Grand Rapids, MI: Baker Books, 2019.
250 pp. $27 (Kindle).
Many people think that increasing productivity is synonymous with increasing one’s efficiency at work. But according to productivity expert and executive coach Michael Hyatt, this conception of productivity leads to increased busyness and, eventually, the achievement of fewer meaningful results. In other words, many end up using the time they save with “efficiency hacks” to do more work. But “more work” can be a detriment when it replaces other more important things.
In his new book, Free to Focus, Hyatt shares his experience with the consequences of constant busyness. A former CEO of a major publishing company, he describes himself as having been “on duty 24/7 in a nonstop whirlwind of projects, meetings, and tasks—not to mention emergencies, interruptions, and distractions” (loc. 218). Eventually, his relationship with his family grew strained, and his health suffered, landing him in the ER with stress-induced chest pains. As a result, Hyatt realized he needed to reconsider his work habits—or risk developing further health problems.
In time, Hyatt concluded that the ultimate purpose of productivity is not to get more done, but to get the right things done. But most productivity systems, he says, start with advice on working more efficiently rather than on clarifying what you should be working on in the first place. Hyatt holds that this is a mistake: It’s like “leaving for a trip without knowing where we want to end up” (loc. 440). Instead, the first step to increasing your productivity begins with taking the time to clarify your objectives—both at work and in other areas of your life.
Hyatt holds that when it comes to your career, you should focus on those activities you’re both passionate about and proficient at. You will be happiest and most productive, he explains, when you can spend most of your time doing these activities. Otherwise, you either waste time by doing things you aren’t proficient at, experience energy-depleting boredom by doing things you aren’t passionate about, or suffer the drudgery of doing things you neither can do well nor care to do at all. The confluence of your passions and proficiencies—what Hyatt calls your “Desire Zone”—acts like a compass guiding your actions. Everything else is a candidate for elimination, automation, or delegation.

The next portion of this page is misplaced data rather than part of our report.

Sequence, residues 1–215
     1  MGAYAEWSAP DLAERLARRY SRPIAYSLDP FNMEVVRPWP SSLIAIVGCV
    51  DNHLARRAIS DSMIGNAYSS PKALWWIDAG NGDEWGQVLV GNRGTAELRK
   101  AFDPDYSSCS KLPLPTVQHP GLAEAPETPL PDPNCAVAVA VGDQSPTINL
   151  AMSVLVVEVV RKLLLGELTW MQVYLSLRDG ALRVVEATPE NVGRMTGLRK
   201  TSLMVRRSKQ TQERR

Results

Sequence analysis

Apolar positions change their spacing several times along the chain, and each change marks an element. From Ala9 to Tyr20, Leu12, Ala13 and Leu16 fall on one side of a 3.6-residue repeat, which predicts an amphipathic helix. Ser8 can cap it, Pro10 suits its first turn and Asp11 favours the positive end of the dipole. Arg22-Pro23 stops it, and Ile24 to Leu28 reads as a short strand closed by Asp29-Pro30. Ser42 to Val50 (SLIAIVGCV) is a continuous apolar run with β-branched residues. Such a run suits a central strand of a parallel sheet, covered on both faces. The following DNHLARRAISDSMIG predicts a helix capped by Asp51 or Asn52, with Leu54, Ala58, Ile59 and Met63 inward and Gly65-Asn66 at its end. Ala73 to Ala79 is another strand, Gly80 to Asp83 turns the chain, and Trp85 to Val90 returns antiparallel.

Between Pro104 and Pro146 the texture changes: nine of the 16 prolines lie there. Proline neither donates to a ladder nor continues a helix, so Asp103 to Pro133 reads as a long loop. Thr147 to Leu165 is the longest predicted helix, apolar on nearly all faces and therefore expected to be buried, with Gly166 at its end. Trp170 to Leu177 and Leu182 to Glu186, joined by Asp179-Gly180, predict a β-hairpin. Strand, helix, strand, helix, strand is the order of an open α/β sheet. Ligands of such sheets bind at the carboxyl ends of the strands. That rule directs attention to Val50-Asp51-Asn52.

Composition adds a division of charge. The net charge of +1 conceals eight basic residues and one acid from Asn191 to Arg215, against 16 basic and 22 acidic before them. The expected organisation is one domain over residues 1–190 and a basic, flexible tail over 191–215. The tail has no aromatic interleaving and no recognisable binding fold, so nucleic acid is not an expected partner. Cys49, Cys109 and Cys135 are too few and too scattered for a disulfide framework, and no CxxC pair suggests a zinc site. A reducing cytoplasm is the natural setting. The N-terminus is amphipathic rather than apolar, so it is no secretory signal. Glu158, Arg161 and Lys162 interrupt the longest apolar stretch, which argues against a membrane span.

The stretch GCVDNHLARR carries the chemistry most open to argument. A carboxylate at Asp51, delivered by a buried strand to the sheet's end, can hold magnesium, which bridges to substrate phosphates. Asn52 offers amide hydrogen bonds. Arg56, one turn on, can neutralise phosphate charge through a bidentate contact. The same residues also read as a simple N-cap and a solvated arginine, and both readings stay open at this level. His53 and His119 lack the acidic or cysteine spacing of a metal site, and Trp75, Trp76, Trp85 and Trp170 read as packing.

Hyatt also holds that maximizing your productivity requires periodic rejuvenation, which many people neglect. “Far too often,” he says, “we . . . allow our work to sit in the middle of our schedules like a whale in a bathtub. Then we try to squeeze everything else in our lives around it” (loc. 537–45). But doing this can be exhausting, leading to increased stress and burnout at work and to neglect of other aspects of our lives.
As Hyatt notes, by regularly engaging in rejuvenating activities such as getting plenty of high-quality sleep, pursuing rewarding hobbies, and cultivating fulfilling relationships, you replenish energy while nourishing all aspects of your life. As he puts it, “We can increase our energy exponentially when we [make time] for rejuvenation. Then, we can direct that energy . . . in ways designed to . . . improve our lives” (loc. 1189).